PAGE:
In the first part of this series we discussed the basics of structured data and how it applies to the Internet. We also introduced www.schema.org, which represents a collaboration of Google, Yahoo, and Bing to set standards for structured data and make it accessible to webmasters. We ended by dangling the topic of rich snippets before you. Now’s the time to start bringing it together.
Let’s take a look first at this whole field of “rich snippets.” Easier than describing it is to illustrate it, as the next screenshot does:
The value to the searcher of these rich snippets is obvious immediately. Because they increase the clarity of what the search result offers, they also increase the chances that the searcher will find what they need, or avoid results that have no interest for them. Unless you’re interested in tricking searchers into visiting your site and downloading some malware, or clicking on your frivolous Adsense ad so you can earn a few dimes on their mistakes, this is a good deal. Since I’m sure none of my readers belong in those spammy categories, we’ll proceed on the assumption that you agree with me that this is a good deal for search.
Here are just a couple of other examples of where rich snippets are commonly showing up in search results:
Movies – Rich snippets include things like reviews, cast, genre, duration, score, and more (see detailed specs at http://schema.org/Movie).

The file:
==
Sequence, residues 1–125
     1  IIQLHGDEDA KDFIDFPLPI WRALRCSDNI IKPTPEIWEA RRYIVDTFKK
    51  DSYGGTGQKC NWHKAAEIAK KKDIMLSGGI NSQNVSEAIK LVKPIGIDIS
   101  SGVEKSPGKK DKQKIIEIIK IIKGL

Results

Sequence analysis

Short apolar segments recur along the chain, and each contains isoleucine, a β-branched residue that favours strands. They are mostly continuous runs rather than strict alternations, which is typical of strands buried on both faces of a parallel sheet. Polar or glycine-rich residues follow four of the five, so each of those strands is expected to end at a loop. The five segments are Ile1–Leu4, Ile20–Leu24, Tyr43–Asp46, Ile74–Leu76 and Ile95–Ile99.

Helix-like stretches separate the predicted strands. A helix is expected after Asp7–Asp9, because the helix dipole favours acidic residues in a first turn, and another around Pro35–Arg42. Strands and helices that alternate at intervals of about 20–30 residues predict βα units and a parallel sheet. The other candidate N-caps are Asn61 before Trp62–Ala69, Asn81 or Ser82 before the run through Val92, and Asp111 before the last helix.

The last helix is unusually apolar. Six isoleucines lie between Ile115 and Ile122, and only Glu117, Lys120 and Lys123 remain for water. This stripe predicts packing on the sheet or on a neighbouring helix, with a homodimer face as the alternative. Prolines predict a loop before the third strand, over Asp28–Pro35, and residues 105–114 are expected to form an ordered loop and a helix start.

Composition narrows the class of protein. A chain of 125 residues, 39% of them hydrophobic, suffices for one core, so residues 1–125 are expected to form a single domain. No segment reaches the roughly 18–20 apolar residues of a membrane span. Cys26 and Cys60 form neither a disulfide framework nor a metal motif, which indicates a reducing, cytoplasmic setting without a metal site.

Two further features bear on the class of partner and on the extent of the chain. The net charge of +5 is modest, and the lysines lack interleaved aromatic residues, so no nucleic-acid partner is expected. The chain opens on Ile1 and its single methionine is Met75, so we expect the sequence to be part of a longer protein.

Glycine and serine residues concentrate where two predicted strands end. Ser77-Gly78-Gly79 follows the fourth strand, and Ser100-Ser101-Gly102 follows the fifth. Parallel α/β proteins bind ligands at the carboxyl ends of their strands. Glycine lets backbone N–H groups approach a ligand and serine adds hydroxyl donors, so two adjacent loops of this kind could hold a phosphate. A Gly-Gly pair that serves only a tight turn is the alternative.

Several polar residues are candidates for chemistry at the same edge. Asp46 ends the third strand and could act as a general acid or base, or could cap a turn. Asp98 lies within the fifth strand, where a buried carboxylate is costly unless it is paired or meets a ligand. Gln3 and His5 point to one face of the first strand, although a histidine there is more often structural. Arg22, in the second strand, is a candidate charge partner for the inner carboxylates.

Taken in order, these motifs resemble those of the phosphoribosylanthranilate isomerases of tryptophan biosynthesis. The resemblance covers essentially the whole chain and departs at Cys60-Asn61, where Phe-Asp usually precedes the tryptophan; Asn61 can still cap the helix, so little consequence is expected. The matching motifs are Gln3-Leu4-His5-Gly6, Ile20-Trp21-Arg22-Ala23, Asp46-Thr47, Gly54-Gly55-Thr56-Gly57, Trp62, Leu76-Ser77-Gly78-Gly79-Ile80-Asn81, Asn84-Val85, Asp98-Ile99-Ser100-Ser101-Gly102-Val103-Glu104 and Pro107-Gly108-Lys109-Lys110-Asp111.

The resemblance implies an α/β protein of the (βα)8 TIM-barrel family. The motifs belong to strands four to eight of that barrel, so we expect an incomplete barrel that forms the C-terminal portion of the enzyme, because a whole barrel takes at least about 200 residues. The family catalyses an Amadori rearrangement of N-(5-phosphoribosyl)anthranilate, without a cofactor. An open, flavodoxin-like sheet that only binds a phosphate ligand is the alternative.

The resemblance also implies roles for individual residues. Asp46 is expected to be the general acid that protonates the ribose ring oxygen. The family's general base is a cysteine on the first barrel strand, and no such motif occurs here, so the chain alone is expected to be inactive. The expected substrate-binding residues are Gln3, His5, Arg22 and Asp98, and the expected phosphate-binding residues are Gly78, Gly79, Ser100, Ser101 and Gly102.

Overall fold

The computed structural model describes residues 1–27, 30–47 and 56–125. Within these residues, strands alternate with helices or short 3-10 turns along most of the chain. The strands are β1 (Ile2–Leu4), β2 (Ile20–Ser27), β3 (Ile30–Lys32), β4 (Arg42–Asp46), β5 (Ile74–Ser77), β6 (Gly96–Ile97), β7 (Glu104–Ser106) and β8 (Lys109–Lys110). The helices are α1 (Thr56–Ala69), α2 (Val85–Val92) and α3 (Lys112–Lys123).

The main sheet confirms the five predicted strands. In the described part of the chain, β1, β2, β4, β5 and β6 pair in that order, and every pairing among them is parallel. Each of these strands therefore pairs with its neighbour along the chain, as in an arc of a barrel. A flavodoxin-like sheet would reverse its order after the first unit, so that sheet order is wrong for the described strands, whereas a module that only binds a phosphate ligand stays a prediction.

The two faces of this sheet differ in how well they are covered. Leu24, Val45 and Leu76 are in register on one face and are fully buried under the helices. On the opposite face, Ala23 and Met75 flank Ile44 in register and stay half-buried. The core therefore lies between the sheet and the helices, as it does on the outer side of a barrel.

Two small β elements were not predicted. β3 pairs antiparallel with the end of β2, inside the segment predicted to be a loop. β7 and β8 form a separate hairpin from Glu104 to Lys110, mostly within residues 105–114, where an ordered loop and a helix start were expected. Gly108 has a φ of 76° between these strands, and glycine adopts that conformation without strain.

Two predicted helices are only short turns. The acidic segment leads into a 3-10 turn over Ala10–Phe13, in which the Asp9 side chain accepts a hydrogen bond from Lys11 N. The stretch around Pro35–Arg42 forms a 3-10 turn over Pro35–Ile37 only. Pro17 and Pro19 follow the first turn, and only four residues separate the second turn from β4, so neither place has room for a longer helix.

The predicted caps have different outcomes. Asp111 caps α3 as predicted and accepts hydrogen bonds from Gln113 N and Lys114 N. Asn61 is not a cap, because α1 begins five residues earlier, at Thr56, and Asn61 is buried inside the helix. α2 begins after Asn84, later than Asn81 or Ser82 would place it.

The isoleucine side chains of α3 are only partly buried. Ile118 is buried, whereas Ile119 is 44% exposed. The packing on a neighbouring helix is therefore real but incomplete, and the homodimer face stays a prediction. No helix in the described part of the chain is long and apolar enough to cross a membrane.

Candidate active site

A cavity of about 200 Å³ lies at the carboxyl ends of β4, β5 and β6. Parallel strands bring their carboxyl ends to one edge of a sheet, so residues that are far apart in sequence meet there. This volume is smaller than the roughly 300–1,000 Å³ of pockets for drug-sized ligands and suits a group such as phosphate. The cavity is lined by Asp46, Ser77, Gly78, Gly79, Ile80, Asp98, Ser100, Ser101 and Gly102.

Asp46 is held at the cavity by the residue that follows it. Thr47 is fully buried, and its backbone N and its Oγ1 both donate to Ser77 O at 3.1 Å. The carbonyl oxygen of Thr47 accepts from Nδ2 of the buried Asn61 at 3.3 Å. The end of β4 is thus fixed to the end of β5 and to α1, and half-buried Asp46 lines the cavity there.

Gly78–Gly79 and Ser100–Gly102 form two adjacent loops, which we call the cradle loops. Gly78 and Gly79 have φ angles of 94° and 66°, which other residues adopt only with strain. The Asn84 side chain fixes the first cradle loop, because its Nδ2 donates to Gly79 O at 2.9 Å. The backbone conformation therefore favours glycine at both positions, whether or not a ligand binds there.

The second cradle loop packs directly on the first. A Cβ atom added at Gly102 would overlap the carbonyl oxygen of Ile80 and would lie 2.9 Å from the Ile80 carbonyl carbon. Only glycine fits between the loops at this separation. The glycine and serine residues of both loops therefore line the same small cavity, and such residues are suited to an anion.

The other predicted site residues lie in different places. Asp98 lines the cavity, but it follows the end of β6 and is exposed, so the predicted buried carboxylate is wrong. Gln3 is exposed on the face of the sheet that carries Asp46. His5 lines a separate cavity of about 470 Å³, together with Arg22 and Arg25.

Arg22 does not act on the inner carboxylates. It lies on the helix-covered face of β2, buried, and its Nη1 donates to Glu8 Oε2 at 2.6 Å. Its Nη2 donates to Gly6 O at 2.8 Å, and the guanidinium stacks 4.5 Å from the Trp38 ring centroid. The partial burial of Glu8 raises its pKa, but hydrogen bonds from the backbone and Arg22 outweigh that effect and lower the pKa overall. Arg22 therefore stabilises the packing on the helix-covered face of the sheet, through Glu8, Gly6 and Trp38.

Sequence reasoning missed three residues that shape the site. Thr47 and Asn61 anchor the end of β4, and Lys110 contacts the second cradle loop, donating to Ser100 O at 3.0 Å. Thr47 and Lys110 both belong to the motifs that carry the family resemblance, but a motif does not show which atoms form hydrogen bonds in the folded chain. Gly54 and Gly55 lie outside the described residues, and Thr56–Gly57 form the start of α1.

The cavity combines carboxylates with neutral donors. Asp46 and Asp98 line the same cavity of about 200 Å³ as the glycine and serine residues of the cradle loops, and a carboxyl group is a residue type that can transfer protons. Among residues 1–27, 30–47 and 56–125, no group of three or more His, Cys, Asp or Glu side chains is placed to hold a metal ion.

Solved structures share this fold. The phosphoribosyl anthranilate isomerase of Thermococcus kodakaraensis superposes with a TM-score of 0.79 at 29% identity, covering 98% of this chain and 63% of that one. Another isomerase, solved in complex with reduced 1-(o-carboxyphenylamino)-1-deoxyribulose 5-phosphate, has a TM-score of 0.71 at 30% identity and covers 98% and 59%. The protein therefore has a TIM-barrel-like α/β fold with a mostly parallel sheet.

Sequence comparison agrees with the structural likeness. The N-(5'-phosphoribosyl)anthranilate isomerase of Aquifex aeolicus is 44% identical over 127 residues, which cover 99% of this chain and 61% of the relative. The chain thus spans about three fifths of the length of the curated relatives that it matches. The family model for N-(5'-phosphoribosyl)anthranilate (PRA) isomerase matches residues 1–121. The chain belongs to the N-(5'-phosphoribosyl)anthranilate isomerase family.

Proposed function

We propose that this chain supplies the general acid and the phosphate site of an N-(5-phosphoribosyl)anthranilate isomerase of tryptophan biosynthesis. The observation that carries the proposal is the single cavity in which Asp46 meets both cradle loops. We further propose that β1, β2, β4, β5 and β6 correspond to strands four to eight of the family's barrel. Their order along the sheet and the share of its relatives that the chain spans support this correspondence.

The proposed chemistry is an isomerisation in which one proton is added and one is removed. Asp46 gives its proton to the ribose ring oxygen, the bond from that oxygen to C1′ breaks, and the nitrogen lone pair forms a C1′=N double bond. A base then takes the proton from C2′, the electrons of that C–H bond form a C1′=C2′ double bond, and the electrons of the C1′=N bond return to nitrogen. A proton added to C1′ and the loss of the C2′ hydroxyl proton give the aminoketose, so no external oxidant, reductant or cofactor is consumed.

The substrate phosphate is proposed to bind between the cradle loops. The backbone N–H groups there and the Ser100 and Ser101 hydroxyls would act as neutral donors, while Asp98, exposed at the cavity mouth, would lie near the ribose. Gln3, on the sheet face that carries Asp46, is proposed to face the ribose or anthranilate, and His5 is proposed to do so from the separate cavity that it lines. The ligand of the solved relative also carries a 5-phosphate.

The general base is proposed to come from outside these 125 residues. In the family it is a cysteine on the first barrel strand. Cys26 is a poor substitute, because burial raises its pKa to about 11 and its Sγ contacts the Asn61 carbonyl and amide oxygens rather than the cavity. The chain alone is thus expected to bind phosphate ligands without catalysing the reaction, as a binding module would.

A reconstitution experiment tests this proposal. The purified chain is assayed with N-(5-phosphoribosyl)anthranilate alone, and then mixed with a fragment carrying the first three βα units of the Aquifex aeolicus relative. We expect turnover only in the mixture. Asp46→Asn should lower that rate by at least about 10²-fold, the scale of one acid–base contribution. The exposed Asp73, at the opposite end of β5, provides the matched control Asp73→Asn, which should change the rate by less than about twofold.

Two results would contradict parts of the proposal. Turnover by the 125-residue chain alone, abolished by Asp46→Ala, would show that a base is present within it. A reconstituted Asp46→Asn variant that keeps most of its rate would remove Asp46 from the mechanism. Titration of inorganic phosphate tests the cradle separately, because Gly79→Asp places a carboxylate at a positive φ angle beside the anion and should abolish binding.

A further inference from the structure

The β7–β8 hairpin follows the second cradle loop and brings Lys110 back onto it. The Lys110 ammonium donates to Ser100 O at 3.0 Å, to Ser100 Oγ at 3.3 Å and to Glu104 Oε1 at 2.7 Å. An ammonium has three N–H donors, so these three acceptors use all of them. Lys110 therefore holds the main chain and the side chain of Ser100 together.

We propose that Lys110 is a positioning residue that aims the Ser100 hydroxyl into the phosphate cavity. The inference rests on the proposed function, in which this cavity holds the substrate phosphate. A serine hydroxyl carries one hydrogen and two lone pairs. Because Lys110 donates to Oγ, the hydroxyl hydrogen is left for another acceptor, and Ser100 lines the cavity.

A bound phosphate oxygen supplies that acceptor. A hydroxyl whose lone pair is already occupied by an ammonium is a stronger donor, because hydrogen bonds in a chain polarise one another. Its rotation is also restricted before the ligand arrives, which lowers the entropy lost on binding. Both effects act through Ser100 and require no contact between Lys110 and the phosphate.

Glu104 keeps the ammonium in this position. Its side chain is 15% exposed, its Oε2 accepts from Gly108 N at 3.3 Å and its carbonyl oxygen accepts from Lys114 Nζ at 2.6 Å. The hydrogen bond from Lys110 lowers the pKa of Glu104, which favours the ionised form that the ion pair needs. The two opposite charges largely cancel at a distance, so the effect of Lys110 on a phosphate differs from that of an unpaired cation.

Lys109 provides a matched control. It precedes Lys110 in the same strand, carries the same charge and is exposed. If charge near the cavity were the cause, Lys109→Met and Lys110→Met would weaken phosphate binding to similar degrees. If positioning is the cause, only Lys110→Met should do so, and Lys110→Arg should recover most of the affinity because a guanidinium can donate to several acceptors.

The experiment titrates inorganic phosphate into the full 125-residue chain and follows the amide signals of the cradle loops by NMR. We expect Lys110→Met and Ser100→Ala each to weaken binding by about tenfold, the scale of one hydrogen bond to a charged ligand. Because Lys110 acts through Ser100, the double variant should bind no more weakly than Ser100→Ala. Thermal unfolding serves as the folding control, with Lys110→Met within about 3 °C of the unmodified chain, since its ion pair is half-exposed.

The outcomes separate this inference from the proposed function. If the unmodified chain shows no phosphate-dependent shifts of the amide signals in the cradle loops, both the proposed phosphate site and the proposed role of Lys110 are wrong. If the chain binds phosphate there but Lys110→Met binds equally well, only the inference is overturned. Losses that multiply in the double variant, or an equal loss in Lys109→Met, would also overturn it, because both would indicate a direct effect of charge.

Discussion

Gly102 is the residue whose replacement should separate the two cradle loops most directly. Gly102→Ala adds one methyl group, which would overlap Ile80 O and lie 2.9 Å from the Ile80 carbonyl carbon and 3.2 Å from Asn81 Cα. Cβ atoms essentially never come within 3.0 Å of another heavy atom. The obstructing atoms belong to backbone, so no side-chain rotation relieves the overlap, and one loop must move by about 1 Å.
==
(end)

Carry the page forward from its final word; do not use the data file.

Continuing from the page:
Ecommerce – Showing information like reviews, pricing, condition, sku’s (see detailed specs at http://schema.org/Product)
We could go on, but this gives you a basic idea. There are a lot of categories covered by the standards at schema.org (you can view them here: http://schema.org/Thing), but you’ll notice that some are commonly shown in search results while others haven’t really made it into prime time yet.
Regardless of whether you think that the whole discussion of structured data, schema and rich snippets is valid, you really need to pay attention.
The reason should be obvious by now. For those SERPs where rich snippets are starting to show up, the listings that display them occupy more screen space, attract more visual attention, and assuming that the search results are relevant to what the searcher is looking for, they will increase both click through rates and conversions.
As an SEO consultant, I’m very interested in all of those advantages. I know that success in search engine marketing is not just about hitting those results pages, but also in getting a real live human being to be interested enough in my listing to click through and visit my page. I also am realistic enough to know that if the visitor isn’t really interested in what they find they do me (or my client) no good whatsoever.
But there’s an additional reason, entirely speculative on my part, that I’m interested in chasing the structured data trend: I believe that webmasters who take the time to start using structured data according to the standards endorsed by the big three search engines signal to the search engine gods that your site is friendly to their interests as well as your own. My assumption is that this, in the long run, will increase the durability of your pages in search results.
So now that you know what rich snippets are and what they look like in search results, I’m going to leave you hanging until part 3 of this series to show you how to build the “structure” you need in your “data” to allow them to start going to work for you. Continue to Part 3: Implementing Rich Snippets